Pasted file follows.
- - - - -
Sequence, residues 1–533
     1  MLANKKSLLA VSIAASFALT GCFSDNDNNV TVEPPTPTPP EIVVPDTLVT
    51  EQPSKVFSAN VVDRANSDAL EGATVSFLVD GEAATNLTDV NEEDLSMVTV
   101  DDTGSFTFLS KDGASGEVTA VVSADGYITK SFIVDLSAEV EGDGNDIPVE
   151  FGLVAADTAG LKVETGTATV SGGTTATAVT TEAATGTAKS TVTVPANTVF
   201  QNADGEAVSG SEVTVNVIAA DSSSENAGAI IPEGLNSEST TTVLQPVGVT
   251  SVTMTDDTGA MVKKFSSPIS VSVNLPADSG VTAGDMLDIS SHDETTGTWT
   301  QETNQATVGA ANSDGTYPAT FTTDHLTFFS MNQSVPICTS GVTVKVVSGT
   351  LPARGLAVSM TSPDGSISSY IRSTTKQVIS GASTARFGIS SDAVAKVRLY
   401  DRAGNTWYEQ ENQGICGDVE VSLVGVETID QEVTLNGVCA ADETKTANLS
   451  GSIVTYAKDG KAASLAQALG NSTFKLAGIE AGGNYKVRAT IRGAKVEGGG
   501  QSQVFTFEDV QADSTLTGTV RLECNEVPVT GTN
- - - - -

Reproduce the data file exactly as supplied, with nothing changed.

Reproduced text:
Sequence, residues 1–533
     1  MLANKKSLLA VSIAASFALT GCFSDNDNNV TVEPPTPTPP EIVVPDTLVT
    51  EQPSKVFSAN VVDRANSDAL EGATVSFLVD GEAATNLTDV NEEDLSMVTV
   101  DDTGSFTFLS KDGASGEVTA VVSADGYITK SFIVDLSAEV EGDGNDIPVE
   151  FGLVAADTAG LKVETGTATV SGGTTATAVT TEAATGTAKS TVTVPANTVF
   201  QNADGEAVSG SEVTVNVIAA DSSSENAGAI IPEGLNSEST TTVLQPVGVT
   251  SVTMTDDTGA MVKKFSSPIS VSVNLPADSG VTAGDMLDIS SHDETTGTWT
   301  QETNQATVGA ANSDGTYPAT FTTDHLTFFS MNQSVPICTS GVTVKVVSGT
   351  LPARGLAVSM TSPDGSISSY IRSTTKQVIS GASTARFGIS SDAVAKVRLY
   401  DRAGNTWYEQ ENQGICGDVE VSLVGVETID QEVTLNGVCA ADETKTANLS
   451  GSIVTYAKDG KAASLAQALG NSTFKLAGIE AGGNYKVRAT IRGAKVEGGG
   501  QSQVFTFEDV QADSTLTGTV RLECNEVPVT GTN